Is Our Legal System Based on the Ten Commandments?

You have probably heard a lot of people say that our current legal system is based on the Ten Commandments. This has come up recently because of a recent Oklahoma State Supreme Court decision to remove the Ten Commandments from the grounds of the Oklahoma State Capitol. The State Supreme Court made this decision because it violates the state’s constitutional ban against using public funds to benefit a religion.

Oklahoma State Governor Mary Fallin claims that the monument is there for its historical significance, since our country’s legal system is based on the Ten Commandments.

That is only partially true and is actually more untrue than it is true.

1. You shall have no other Gods before me.

Well, this one obviously is false because the First Amendment of the Constitution specifically calls for freedom of religion. This gives you the right to believe in any God you want. Or not to believe in any God.

2. You shall not make for yourself an idol of any kind or an image or anything in the heavens or on the earth on in the sea.

Are there any laws against making idols? I don’t think so. In fact, I would go so far as to say that the government loves its idols. The American flag for instance. By saying you want to make laws (not that they have..yet) against burning the American flag you are basically saying that the flag itself is more important than freedom of expression. To me, that makes it something you want to worship.

3. You must not misuse the name of the Lord your God.

Nope, no laws against taking God’s name in vain.

4. Remember to observe the Sabbath and keep it holy.

No laws that prohibit working on Sunday. Or Saturday for that matter, depending on what day you consider the Sabbath.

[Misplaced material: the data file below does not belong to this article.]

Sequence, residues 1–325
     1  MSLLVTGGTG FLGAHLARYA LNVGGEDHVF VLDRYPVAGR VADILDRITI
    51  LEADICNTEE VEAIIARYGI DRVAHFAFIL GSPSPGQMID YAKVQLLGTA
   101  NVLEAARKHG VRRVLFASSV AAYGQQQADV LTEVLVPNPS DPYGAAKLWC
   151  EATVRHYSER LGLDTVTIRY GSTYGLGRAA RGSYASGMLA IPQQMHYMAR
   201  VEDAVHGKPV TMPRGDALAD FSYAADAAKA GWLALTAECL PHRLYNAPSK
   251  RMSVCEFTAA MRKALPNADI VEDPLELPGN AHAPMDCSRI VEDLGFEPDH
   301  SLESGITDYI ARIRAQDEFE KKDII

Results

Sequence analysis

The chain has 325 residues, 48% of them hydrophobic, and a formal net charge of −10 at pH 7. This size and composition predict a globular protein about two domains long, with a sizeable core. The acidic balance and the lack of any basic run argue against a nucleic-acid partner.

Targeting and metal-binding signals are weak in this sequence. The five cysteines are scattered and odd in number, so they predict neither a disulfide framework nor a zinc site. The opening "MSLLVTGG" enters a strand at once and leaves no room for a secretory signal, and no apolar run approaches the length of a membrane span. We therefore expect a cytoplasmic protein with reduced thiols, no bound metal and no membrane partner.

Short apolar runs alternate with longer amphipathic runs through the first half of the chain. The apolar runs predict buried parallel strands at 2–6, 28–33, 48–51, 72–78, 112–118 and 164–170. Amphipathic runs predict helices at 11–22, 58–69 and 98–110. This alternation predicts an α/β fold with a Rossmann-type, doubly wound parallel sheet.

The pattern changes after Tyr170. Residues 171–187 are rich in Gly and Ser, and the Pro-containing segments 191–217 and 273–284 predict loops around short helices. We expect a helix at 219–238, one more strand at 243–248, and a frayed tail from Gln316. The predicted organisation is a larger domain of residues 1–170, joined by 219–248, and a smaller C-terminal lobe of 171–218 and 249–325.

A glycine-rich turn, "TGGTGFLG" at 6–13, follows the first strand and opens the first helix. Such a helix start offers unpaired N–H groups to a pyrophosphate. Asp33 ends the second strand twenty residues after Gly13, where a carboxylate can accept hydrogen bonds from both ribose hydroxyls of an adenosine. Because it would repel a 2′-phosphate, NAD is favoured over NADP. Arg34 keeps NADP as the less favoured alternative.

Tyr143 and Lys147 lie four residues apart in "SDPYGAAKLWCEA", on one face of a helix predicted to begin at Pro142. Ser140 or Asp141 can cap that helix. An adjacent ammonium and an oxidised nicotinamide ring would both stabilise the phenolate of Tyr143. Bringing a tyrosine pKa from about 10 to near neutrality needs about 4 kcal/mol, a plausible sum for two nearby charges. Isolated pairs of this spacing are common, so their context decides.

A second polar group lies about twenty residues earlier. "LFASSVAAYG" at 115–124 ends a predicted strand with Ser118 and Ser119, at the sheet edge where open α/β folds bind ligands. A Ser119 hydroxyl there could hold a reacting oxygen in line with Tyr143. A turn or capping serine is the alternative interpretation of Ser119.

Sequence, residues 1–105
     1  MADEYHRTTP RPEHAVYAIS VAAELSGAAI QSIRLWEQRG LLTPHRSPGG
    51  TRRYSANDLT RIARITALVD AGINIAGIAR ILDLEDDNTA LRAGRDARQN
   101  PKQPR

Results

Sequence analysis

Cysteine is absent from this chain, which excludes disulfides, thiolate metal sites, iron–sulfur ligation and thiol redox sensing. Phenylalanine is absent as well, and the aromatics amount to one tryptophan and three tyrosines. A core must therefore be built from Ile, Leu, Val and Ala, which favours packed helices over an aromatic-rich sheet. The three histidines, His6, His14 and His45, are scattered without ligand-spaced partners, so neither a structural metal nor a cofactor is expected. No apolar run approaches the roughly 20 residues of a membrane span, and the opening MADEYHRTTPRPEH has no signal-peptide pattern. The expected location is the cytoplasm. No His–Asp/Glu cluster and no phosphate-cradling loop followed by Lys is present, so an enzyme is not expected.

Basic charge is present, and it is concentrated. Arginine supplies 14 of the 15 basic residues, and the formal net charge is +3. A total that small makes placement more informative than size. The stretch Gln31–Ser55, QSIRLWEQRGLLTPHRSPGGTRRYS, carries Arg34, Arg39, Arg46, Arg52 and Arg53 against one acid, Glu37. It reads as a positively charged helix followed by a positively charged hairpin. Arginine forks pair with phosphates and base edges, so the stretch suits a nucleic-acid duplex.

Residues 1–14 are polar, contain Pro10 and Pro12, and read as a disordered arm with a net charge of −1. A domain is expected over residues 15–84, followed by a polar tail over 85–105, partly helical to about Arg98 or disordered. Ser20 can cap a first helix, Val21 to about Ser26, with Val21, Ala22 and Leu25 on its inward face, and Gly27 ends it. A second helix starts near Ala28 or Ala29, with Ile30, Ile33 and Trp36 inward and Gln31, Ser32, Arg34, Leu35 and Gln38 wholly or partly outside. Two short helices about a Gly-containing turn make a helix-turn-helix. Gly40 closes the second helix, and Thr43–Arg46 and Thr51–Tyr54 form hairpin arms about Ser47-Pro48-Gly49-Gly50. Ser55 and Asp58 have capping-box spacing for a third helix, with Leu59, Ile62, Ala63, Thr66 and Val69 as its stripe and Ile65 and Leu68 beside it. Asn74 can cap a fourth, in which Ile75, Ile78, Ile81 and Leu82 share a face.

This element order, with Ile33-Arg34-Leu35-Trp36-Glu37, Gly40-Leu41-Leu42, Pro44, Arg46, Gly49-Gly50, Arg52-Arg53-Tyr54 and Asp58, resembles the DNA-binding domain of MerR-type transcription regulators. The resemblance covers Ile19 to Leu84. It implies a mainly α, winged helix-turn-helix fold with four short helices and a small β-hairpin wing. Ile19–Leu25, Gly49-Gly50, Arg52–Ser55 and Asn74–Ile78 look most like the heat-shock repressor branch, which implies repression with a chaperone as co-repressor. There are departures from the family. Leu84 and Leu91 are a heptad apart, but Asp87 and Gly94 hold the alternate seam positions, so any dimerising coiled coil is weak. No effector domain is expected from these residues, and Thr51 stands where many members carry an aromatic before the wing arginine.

5. Honor your father and mother.

No laws in our books that say you can’t talk back to your parents. Course, there are some laws that could put your parent’s in jail if you disrespect them and they slap you across the face.

6. You must not murder.

Ok, finally, here is a commandment that one could argue our legal code is based on. But isn’t that really any country’s legal code? Don’t most countries have laws against murder?

7. You must not commit adultery.

I could be wrong but I don’t think there are any laws in this country against cheating on your spouse.

8. You must not steal.

Okay, here’s another one that actually is a law. But again, most countries have laws against stealing another person’s property.

9. You must not testify falsely against your neighbor.

There are no laws that would punish someone from lying. Unless, of course, you’re talking about perjury. I suppose a person could make a case for that.

10. You must not covet your neighbor’s house, or wife, or servants, or ox, or donkey, or anything that belongs to your neighbor.

Okay, for those that don’t know what “covet” means, it’s basically an old way of saying you want something. So your friend has something and you want one of those. There’s no law against that.

So, let’s look at the score. 2 out of 10 commandments are part of America’s legal code. 20%.

So now do you think our legal system is based on the Ten Commandments?

I didn’t think so.

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